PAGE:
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Website Audits: Is the CNIB Robbing You Blind?

By Geof Collis
May 25, 2012

How can they perform expensive Audits if their own website isn’t compliant?

Remember, just because it’s the CNIB, doesn’t make them an Authority or experts on web Accessibility and you’d be well advised to get other proposals if you want to go the Audit route.

Read more at
http://www.accessibilitynews.ca/?p=2505

MANITOBAN VOTERS WITH DISABILITIES NEED GABRIEL DUMONT, INSTEAD THEY HAVE ED GRIMLEY

By Paul Caune and Victor Schwartzman

[Disclosure: Victor was a Human Rights Officer who worked over twenty years for The Manitoba Human Rights Commission. He retired two years ago.]

For the past decade, about one third of all complaints registered by the Manitoba Human Rights Commission have been based on disability, with the Cowardly Lion’s share based on physical disability. There are thirteen “group factors” on which to base a human rights complaint—it is remarkable that one third of all complaints are based on only one “group factor”. This is part of the ongoing international scandal of how Canada abuses its citizens who have disabilities. See Barrier Free Manitoba’s Feature Issue here:  http://www.barrierfreemb.com/feature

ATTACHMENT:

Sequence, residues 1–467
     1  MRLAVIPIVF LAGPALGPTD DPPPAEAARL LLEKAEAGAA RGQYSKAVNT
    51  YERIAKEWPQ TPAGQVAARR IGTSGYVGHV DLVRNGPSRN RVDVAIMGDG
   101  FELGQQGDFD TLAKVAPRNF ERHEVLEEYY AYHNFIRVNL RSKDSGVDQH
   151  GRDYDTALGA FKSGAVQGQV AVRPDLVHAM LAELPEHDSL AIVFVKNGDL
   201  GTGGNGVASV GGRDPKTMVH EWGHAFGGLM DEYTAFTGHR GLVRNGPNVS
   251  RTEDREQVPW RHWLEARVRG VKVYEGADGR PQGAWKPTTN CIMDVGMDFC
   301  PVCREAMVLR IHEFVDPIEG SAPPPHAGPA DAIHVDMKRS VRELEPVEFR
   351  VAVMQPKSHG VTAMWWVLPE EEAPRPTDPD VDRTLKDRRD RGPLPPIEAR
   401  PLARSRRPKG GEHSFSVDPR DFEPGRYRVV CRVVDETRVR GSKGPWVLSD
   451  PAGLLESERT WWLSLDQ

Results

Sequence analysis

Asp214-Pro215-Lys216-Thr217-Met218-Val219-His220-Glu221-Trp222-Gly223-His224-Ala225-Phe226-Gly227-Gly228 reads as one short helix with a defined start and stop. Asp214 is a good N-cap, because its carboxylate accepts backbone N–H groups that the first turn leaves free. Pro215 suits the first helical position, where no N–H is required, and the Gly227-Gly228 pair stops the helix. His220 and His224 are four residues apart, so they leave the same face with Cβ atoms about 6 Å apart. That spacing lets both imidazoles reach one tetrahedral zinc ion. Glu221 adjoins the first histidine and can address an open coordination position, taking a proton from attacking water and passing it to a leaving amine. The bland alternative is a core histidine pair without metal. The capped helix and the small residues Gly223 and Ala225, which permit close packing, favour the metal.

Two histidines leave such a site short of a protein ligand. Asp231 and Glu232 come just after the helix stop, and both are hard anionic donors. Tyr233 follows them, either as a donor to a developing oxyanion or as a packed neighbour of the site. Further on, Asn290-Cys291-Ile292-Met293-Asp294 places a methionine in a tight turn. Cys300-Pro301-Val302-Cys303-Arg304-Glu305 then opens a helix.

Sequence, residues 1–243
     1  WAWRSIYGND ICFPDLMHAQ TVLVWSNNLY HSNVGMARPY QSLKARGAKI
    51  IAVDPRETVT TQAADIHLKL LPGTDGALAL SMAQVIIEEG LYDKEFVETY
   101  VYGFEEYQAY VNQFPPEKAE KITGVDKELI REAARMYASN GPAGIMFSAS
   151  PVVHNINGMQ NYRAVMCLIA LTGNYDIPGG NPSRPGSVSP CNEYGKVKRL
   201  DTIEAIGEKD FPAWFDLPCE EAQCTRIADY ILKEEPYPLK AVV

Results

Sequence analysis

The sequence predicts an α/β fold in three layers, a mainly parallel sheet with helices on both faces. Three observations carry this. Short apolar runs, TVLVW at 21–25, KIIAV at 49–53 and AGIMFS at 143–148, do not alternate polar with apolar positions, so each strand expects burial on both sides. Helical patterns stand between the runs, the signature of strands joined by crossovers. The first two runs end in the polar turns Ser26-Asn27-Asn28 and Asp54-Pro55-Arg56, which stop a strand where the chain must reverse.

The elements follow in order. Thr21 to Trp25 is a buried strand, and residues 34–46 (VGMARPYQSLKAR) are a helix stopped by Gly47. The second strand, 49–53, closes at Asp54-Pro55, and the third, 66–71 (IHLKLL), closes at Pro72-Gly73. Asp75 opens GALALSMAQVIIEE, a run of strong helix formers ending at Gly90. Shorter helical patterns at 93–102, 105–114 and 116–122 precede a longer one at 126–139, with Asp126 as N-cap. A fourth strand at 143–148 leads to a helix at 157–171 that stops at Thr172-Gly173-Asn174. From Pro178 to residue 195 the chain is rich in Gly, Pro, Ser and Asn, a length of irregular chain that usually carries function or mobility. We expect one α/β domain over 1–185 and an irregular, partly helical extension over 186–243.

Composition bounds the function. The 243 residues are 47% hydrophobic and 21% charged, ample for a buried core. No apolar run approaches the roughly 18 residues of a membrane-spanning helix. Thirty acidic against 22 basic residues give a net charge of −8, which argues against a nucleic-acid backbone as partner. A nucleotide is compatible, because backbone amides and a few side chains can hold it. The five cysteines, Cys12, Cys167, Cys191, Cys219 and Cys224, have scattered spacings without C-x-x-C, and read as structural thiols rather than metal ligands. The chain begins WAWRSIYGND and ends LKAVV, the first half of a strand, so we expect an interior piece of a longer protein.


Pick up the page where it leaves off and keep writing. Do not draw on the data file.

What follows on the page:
The Blind Have Rights, the Right to Unemployment, Unequal Access and Poverty

By Geof Collis
January 25, 2011

Donna Jodhan how dare you Sue Us the Federal Government to give Equal Access to the Blind by way of our websites!

You want to get a Job with Us? You have the Right to be Unemployed.

Guest Commentary: A Moral Dilemma: “Scentual” Pleasure at the Expense of the Fundamental Rights and Freedoms of Others

By Carol Lewis
March 8, 2010

Hundreds of Canadians have contacted the Canadian Human Rights Commission to find out whether their rights under the Canadian Charter of Rights and Freedoms are being violated because they are unable to access basic services, social and cultural events in their community without becoming ill from fragrance exposure.

Guest Commentary: Stigma & Sensitivities: Must They Coexist?

By Carol Lewis
Posted Mar 3, 2010